One of the AP Lab's current initiatives involves the study of subjects' response to light stimuli presented with precise timing in specific locations. To meet the requirements of precise (2-5ms) timing and near-zero decay time, I built a display panel based on LEDs and discrete logic.
To achieve the required timing performance for experiments of this type, the researchers have historically used a special CRT monitor with a true 120Hz refresh rate and rapid-decay phosphors. (Common LCD monitors only accept data at 60Hz despite higher internal refresh rates.) However, experiments performed by other researchers had suggested that even the reduced decay of a fast phosphor produces erroneous results in experiments of this type.
While the researchers' initial request was for a 1280x1024 display (1.3 million pixels) with a 200 Hz refresh rate, their actual need was to show lighted bars approximately 1mm wide and 20mm tall in one of about 200 different locations onscreen. Also, only one bar was shown at any one time, and the color of the bars was not important. However, the timing of the light stimuli was critical -- the light needed to turn on and off within a few milliseconds of when the researchers command it to. Further, in the off state the light output needed to be zero.
Based on this information, I decided to construct an LED matrix display based on "lines" of four standard 2mm x 5mm rectangular LEDs. The existing apparatus provided eight bits of digital output, which would allow 28 = 256 unique combinations. The experimenters also needed to control several separate LEDs for calibration, so we settled on a 224-position matrix, with 31 "slots" available for calibration and spares, and one designated as the "all LEDs off" position.
Despite some previous experience with micro-controllers, I decided to investigate discrete logic in the interest of simplicity, low cost, and minimal propagation delays. After some research I found that the 74-series CMOS devices (and their modern equivalents) could provide the functionality needed, specifically the 74HCT4514 4-line to 16-line decoders. Although I could have cascaded a large number of these to produce 256 outputs, I chose instead to wire the LEDs in an electrical matrix. This arrangement requires only 32 outputs, or two devices.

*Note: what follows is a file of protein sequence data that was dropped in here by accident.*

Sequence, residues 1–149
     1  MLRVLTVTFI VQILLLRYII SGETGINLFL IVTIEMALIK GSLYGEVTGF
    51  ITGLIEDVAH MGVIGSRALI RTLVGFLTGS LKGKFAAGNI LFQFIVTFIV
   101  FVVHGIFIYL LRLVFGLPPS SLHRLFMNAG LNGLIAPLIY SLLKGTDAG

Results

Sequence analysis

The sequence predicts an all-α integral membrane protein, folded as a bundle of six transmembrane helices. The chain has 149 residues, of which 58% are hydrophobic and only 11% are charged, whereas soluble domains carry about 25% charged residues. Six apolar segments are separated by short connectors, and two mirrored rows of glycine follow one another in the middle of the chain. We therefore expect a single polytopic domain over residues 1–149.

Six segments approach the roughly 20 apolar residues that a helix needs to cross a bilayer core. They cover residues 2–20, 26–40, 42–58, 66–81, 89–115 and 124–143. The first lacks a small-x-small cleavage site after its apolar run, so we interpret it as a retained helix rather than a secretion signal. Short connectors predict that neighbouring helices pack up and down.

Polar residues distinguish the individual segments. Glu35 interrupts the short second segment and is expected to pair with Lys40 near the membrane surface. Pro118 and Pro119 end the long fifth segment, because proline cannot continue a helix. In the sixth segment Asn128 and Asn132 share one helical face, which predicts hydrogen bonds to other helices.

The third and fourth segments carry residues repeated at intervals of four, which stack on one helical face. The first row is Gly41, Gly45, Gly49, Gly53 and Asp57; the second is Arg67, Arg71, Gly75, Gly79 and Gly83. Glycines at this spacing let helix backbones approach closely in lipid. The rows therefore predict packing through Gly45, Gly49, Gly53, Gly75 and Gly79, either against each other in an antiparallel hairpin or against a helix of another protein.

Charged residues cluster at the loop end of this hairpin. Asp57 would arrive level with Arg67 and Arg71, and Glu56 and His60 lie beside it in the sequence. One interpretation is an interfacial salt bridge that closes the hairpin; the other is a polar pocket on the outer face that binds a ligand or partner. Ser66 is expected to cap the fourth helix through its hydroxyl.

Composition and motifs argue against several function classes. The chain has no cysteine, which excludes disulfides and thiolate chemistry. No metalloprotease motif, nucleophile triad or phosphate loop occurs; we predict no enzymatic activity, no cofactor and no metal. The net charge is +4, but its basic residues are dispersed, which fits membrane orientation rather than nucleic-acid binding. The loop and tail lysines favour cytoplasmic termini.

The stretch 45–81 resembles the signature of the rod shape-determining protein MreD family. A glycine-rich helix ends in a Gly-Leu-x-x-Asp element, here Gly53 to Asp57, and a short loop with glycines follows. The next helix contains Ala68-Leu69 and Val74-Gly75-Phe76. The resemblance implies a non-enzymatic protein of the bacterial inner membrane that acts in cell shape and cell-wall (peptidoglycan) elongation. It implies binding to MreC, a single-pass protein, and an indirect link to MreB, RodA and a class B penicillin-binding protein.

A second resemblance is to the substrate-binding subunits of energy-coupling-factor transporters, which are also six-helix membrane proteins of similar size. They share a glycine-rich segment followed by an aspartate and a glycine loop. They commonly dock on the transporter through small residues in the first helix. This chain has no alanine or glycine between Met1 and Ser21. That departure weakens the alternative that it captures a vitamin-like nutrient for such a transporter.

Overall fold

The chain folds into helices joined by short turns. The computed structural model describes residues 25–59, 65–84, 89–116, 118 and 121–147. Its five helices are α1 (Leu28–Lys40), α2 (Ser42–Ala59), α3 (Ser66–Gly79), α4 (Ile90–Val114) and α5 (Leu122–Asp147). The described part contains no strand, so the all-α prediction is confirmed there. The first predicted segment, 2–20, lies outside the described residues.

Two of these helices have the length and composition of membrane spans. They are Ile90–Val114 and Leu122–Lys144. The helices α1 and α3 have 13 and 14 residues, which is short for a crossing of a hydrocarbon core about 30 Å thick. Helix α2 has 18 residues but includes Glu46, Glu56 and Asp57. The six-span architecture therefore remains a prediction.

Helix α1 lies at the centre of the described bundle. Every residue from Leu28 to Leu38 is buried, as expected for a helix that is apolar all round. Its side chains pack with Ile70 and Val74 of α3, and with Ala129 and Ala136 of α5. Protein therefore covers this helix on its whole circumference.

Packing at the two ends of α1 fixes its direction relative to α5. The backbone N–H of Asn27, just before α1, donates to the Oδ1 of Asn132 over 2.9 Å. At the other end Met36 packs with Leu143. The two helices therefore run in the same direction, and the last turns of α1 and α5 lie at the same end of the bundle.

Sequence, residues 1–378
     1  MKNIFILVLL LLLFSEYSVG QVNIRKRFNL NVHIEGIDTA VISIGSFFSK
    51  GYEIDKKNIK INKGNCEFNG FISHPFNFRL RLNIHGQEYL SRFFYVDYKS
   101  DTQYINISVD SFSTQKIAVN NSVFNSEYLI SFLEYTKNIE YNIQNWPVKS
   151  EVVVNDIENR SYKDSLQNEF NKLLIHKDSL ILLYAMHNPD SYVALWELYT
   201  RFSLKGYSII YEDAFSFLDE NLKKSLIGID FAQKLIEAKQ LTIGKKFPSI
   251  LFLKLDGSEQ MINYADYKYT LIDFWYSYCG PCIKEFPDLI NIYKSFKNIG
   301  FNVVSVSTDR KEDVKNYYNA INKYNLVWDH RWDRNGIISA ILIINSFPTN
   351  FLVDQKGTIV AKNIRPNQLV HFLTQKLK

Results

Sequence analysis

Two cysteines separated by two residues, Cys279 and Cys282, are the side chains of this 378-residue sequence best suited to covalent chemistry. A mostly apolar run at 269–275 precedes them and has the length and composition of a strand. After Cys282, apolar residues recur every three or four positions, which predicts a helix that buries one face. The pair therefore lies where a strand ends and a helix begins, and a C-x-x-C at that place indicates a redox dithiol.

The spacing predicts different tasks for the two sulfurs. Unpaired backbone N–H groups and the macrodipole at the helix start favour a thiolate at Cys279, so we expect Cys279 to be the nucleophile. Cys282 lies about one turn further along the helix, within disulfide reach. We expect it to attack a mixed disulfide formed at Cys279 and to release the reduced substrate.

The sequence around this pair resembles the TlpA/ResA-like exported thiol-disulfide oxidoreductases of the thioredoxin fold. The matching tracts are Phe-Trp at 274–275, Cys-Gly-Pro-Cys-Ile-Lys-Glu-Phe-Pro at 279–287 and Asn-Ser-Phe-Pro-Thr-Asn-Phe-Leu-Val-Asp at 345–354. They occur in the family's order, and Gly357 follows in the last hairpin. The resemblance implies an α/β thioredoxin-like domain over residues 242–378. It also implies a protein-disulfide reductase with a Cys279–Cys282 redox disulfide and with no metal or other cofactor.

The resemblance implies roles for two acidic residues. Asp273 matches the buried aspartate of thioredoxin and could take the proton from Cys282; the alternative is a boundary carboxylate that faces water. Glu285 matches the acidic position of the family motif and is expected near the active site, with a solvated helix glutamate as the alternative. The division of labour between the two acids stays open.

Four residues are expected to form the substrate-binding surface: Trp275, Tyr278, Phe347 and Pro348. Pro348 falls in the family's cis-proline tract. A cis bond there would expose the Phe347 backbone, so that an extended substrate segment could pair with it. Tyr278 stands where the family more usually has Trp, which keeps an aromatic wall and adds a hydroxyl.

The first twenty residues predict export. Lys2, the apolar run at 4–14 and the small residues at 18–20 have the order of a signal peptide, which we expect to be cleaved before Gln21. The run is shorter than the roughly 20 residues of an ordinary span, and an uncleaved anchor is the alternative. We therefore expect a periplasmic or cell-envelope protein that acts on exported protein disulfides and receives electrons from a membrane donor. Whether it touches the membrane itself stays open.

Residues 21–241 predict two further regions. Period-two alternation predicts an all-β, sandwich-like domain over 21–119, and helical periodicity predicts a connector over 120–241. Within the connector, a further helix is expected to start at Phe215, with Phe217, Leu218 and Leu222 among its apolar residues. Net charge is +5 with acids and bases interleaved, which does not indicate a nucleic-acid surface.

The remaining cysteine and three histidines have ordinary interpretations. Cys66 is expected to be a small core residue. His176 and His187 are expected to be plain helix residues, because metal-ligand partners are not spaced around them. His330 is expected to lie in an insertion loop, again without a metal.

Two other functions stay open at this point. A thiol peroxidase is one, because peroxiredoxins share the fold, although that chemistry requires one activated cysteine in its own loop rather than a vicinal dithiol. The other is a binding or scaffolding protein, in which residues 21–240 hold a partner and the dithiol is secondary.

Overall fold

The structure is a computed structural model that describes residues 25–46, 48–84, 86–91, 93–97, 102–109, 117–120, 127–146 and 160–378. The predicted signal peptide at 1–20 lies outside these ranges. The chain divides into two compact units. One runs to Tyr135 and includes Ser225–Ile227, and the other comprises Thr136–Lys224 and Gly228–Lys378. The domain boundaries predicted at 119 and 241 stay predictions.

LEDs are current devices -- their light output is proportional to current, which can vary from device to device even with the same input voltage. Since the researchers need consistent brightness, I decided to use a constant-current power supply, which is easily implemented with an adjustable voltage regulator and an external resistor. With a constant-current supply, I can run the LEDs in series (simplifying the wiring), don't need any external resistors, and can feed the series groups of four rectangular LEDs, and the single calibration LEDs, from the same supply without modification.
The matrix arrangement requires that half of the switching devices operate at the voltage of the series string (2-10v) and half operate at/near ground potential. And of course, all need to pass the 20-30mA of current required by the LEDs. Because the logic operates at ~5 VDC, it must be isolated. I chose to use fast Darlington optoisolators to accomplish this. While these do add some delay (especially on turn-off), the specific devices chosen have a claimed switching delay of ~100uS, which is well within the researcher's requirements.
The board was laid out using software from ExpressPCB and sent off to be manufactured.
Meanwhile, I designed the panel and had it laser cut from black acrylic, then spray-painted it flat black to minimize reflections. (The nine small holes hold small LEDs used to calibrate the eyetracker.)
The ~900 LEDs were also painted on their sides and backs to reduce light leakage to adjacent LEDs.
For the panel to effectively test the effect the researchers were looking for, we needed to be sure that the LEDs would turn off immediately and then not emit any light thereafter. In my research, I found documentation that LEDs do emit some light after current through them ceases due to an effect known as "spontaneous recombination lifetime". However, as this time is on the order of nanoseconds, for our purposes we can assume that once current drops to zero, the LED is no longer emitting photons. Therefore, I decided to use LED forward current (If) as a safe indicator of light output. Thus I used a digital storage oscilloscope to measure current through the LEDs in response to the on and off commands.
Despite some noise due to the small voltage across the sense resistor, the data from the scope showed that current was effectively stopped in less than a millisecond -- less than 20% of the time required by the researchers. The panel is now being used with the lab's eyetracker in the current round of experiments.
Back to Projects